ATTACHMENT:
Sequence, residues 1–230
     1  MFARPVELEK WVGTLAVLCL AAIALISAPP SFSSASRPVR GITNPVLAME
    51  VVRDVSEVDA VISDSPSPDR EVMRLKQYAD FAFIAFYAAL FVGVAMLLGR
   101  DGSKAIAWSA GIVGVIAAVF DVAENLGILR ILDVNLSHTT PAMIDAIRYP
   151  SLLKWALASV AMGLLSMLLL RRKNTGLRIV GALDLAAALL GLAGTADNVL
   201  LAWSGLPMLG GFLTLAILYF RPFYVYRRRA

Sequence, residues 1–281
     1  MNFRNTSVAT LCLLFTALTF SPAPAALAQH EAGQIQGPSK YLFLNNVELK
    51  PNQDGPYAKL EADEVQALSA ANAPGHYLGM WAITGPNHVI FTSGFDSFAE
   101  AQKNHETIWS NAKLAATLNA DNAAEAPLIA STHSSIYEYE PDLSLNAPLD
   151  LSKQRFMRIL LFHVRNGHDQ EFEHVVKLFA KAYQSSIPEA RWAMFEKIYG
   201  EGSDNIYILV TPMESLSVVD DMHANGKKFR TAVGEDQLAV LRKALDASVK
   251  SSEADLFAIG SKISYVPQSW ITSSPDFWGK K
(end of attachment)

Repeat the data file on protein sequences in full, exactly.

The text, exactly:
Sequence, residues 1–230
     1  MFARPVELEK WVGTLAVLCL AAIALISAPP SFSSASRPVR GITNPVLAME
    51  VVRDVSEVDA VISDSPSPDR EVMRLKQYAD FAFIAFYAAL FVGVAMLLGR
   101  DGSKAIAWSA GIVGVIAAVF DVAENLGILR ILDVNLSHTT PAMIDAIRYP
   151  SLLKWALASV AMGLLSMLLL RRKNTGLRIV GALDLAAALL GLAGTADNVL
   201  LAWSGLPMLG GFLTLAILYF RPFYVYRRRA

Sequence, residues 1–281
     1  MNFRNTSVAT LCLLFTALTF SPAPAALAQH EAGQIQGPSK YLFLNNVELK
    51  PNQDGPYAKL EADEVQALSA ANAPGHYLGM WAITGPNHVI FTSGFDSFAE
   101  AQKNHETIWS NAKLAATLNA DNAAEAPLIA STHSSIYEYE PDLSLNAPLD
   151  LSKQRFMRIL LFHVRNGHDQ EFEHVVKLFA KAYQSSIPEA RWAMFEKIYG
   201  EGSDNIYILV TPMESLSVVD DMHANGKKFR TAVGEDQLAV LRKALDASVK
   251  SSEADLFAIG SKISYVPQSW ITSSPDFWGK K